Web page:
5 Ingenious Ways to Break Your Bad Eating Habits
Do a quick inventory of your eating habits. What have you changed for the better? Which ones are you happy with--even proud of? On the other side of the spectrum, however, what are the bad habits that still linger, still unravel the other good you’re doing? Consider for a minute what feeds these negative routines. What circumstances, company, attitudes, and self-talk exacerbate them? The best way to tackle our bad habits, of course, is to get at the root of them. Head them off through strategic choices, better awareness and a few ingenious tricks....
Mess with your eating environment.
Oftentimes, it’s not so much the food itself as the mindless consumption of it. In that regard, it’s the eating environment that needs to be addressed first – the how, why, and where. Consider facing these elements as groundwork for addressing the tougher habits to come like changing what you eat. I’ve had several clients break some shockingly bad habits by altering the “how, why, and where” in unique ways.
The Where: Location, location, location; practice the habit of eating only while seated at a table with no distractions other than real, live people. You can realize amazing things about your hunger and satisfaction signals when you eat in a more relaxed environment free of distractions such as the nightly news, web surfing or even driving!
The How: How many times do you chew your food, set your utensil down between bites, or use your non-dominant hand to eat? If you have trouble recalling answers to these simple questions, you probably make it a habit to eat in a rush. Hurried eating is a surefire way to override the natural control mechanisms our bodies have to tell our brain we’ve had enough to eat. Set a timer to go off every minute or so, and only take one bite of food each minute. Practice eating with your non-dominant hand or use chop-sticks. Chew each bite of food at least 30 times (just an arbitrary number to get you to focus on slowing down to chew more thoroughly, not a scientific piece of advice). What do these strategies do to your sense of satisfaction by the end of twenty minutes? How would your eating change by practicing these habits?
The Why: A less obvious environmental factor that impacts our eating habits is why we eat. What would you think if someone asked you, “Why did you have lunch today?” instead of the usual, “What did you have for lunch today?” It sounds silly, I know, but recording the real reason why you eat can make it easier to adopt healthier relationships with food. Emotional awareness is probably just as vital to adopting healthier habits as ample knowledge about food quality. For example, it won’t matter if you fix what you eat but still eat compulsively or uncontrollably out of emotions. Tune into your why, and you’ll forever change your eating environment for the better.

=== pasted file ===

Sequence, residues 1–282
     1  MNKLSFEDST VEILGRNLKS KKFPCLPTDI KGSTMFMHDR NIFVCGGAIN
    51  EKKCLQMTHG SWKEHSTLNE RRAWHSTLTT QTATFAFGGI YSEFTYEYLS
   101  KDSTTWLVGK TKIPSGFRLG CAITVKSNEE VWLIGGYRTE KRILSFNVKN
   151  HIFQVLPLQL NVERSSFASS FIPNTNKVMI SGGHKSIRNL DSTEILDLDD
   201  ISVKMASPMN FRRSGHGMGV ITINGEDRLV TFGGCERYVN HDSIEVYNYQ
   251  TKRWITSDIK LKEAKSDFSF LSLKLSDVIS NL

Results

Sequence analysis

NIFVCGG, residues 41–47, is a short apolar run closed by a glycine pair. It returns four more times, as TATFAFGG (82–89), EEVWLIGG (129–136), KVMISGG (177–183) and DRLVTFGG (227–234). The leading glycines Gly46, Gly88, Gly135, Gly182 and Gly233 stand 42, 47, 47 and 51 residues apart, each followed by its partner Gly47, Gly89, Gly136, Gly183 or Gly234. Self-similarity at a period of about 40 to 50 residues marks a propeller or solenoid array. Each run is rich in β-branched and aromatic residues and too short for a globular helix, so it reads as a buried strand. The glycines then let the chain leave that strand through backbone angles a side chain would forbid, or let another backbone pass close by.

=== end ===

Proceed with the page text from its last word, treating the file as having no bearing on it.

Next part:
Make the “right” habit too easy.
This piece of advice catches people off guard--a lot. We think we can take on elaborate changes, but taking on too much at once often sets us up for failure. The trick is to select the behavior change that will effectively serve as a foundation to build from. Hopefully this first “easy” step should also achieve what’s called a “minimum effective dose.” Take, for example, the habit of eating vegetables. Most adults know they should eat vegetablesto be healthier. Most have plenty of access to vegetables. However, most adults still don’t consume a “minimum effective dose” of vegetables on a daily basis. (The government has historically recommended at least three 1/2 cup cooked or 1 cup raw servings per day as a good dose.) To make this baseline habit too easy, I’ve found it effective to get people to focus on eating at least one vegetable serving every day. While this may not achieve the minimum effective dose outright, it seems stupidly easy as a habit to practice and essentially sets the groundwork for more of the “right” behaviors to come. It’s something to build off of rather than something to merely aspire to. Easy means you’ll actually do it when you focus on it. Since it’s so easy, you’re more likely to be open to practicing more of that “easy” habit.